NUST ITE
Arbisoft
Agnitus
3Restart
PiLabs
AMAL
GeniTeam
The Reading Room Project
Academic Achievement Plus
Rehan School
Rabtt
JugnuTV
Jugnoo Media
FESF
B

Third Party Solutions


Matheletics
Socio Engineering Consultants

Implementors
Beaconhouse ELE
Roots Millennium Schools
The Citi School
The Citizens Foundation
Allied Schools
Care Foundation

S
LM
ity
ctiv
era
Int
nt
me
ess
Ass
ion

3iLogic

cat
mifi

Punjab E.Learn

Ga
nt
nte
Co
es/
tur

EDeQUAL

Lec
n
tio
ima
An
ies

Communicators (BroadClass)

d
Stu
ial

TeleTaleem

Soc

Knowledge Platform

u
Urd

Sabaq.PK
ToffeeTV

h
glis

Platform-Content Developers

En

ce
en
S ci
s
tic
ma
the
Ma
2+
s1
de
Gra
-12
s9
de
Gra
-5
sK
de

Gra

Types of Intervention

Pakistan Edtech Landscape

Type of Initiative

Ali Institute of Education


VM Institute of Education
Teach for Pakistan (TfP)
Department of Staff Development (DSD)
Allama Iqbal Open University
E

Other Potential Players


Team Ants
Creative Chaos
Mindstorm Studios
TinTash
iEarn
Meri Taleem
Flickable
Robotics Lab
Virtual University
Comsats Virtual Campus
Sharp Image
Educational Entrepreneurship

Acumen Fund
P@SHA (Launchpad)
P@SHA Social Innovation Fund
MIT Enterprise Forum - Pakistan (MIT EFP)
Invest2Innovate (i2i)
Pakistan Innovation Foundation (PIF)
Plan 9 and X
WECREATE - Pakistan
The Nest i/o
LUMS Centre for Entrepreneurship
IBA Invent

ral

AKU-IED

Ru

Teacher Training

Incidence

lic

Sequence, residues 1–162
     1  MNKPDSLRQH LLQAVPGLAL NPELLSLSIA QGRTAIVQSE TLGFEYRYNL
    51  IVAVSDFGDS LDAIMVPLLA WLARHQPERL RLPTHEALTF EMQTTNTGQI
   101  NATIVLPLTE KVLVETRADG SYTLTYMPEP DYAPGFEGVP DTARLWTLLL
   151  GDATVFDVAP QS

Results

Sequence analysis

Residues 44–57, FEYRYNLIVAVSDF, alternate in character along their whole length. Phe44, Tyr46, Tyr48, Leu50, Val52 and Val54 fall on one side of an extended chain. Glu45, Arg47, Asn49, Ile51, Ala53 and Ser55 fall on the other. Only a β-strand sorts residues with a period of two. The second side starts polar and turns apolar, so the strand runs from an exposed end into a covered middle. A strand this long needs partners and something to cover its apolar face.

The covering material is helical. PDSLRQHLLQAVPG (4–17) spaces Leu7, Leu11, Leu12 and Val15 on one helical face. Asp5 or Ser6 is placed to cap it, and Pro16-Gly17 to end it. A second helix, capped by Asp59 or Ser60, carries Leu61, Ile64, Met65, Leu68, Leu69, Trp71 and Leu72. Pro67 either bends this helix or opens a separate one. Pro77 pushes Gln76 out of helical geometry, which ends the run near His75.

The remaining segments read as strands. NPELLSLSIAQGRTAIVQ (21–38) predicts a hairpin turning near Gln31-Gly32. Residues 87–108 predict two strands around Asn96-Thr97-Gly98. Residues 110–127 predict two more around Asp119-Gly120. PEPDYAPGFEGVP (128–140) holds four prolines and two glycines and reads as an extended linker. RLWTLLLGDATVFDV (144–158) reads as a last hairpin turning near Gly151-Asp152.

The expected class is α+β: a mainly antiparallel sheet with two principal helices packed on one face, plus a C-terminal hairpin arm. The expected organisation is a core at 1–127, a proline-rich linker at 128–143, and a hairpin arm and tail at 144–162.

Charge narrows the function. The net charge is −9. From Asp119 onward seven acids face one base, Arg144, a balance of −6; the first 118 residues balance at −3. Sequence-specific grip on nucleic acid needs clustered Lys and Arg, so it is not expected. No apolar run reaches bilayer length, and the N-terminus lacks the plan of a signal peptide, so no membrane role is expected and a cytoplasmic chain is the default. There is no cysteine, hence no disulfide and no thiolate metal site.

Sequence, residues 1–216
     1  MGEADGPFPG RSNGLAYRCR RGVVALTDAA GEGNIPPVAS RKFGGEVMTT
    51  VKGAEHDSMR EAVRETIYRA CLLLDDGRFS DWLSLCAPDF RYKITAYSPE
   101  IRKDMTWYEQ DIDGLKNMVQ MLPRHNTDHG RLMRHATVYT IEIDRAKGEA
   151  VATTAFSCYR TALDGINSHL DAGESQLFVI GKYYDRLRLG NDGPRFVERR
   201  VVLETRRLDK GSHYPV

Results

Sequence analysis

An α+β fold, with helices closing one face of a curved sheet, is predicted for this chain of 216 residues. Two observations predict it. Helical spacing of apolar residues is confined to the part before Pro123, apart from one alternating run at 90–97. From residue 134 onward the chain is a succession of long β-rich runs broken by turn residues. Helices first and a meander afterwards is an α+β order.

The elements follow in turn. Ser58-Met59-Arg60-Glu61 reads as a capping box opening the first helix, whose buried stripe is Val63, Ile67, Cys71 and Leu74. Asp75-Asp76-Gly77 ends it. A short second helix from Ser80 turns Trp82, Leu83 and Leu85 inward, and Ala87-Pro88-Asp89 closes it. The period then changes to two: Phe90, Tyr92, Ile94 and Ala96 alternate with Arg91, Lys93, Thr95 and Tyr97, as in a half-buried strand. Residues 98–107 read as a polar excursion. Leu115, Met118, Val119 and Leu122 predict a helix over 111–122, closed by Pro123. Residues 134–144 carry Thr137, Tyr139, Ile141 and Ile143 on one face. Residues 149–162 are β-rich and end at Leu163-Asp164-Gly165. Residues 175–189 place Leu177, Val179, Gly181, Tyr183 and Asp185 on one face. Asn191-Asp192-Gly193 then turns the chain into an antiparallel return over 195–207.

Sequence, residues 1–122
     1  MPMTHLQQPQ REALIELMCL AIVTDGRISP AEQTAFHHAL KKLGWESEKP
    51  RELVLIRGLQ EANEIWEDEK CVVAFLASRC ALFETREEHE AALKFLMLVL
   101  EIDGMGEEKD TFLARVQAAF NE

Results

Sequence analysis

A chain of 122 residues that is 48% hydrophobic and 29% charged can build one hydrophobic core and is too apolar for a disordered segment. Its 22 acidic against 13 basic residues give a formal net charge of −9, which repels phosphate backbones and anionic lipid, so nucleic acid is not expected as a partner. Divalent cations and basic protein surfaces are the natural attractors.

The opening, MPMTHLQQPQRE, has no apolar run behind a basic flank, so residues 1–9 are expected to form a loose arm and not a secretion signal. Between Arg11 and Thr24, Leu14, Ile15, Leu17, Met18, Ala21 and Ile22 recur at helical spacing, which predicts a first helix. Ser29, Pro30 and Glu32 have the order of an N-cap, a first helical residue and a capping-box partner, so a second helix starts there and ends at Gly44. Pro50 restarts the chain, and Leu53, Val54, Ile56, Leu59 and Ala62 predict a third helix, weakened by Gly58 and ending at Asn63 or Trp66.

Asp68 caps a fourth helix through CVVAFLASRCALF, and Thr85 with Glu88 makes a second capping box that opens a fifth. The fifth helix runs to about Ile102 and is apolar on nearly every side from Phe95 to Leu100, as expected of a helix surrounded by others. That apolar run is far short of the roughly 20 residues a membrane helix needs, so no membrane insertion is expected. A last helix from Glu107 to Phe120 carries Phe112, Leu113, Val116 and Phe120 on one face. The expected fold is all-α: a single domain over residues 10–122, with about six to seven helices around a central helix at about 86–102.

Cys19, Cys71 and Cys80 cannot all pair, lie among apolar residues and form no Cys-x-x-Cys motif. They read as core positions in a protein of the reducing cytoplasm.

Pub
yed
plo
De
ll )
( Fu
op
vel
l)
De
rtia
( Pa
op
vel
De
a
Ide
t
en
ym
plo
De
nt
nte
Co
in
ma
Do
gy
olo
hn
Tec
y
og
ag
Ped

pre

g
inin
Tra
hip
urs
ne

tre
En

Stage Development

Pakistan Edtech Landscape

Focus Grades

Subjects

S
LM
ity
ctiv
era
Int
nt
me
ess
Ass
n
atio
ific
am

G
nt
nte
Co
es/
tur

d
Stu
ial

n
Lec
tio
ima
An
ies

Soc
u
Urd

h
glis

En

ce
en
S ci
s
tic
ma
the
Ma
2+
s1
de
Gra
-12
s9
de
Gra
-5
sK
de

Gra

Types of Intervention

Teacher Training
AKU - IED
Ali Institute of Education
VM Institute of Education
Teach for Pakistan
DSD - Punjab
Allama Iqbal Open University

Other Potential Players


Team Ants
Creative Chaos
Mindstorm Studios
TinTash
iEarn
Meri Taleem
Flickable
Robotics Lab
Virtual University
Comsats Virtual Campus
Sharp Image
Technology for People Initiative

Educational Entrepreneurship
Acumen Fund
P@SHA (Launchpad)
P@SHA Social Innovation Fund
MIT Enterprise Forum - Pakistan
Invest2innovate
Pakistan Innovation Foundation (PIF)
Plan 9 and X
WECREATE - Pakistan
The Nest i/o
LUMS Centre for Entrepreneurship
IBA Invent

Fig. 3.2: Compatibility Matrix of Key Players in Pakistan Edtech Landscape

Pakistan Edtech Landscape

There are several trends that emerge from figure 3.2.


First, there is no shortage of platform and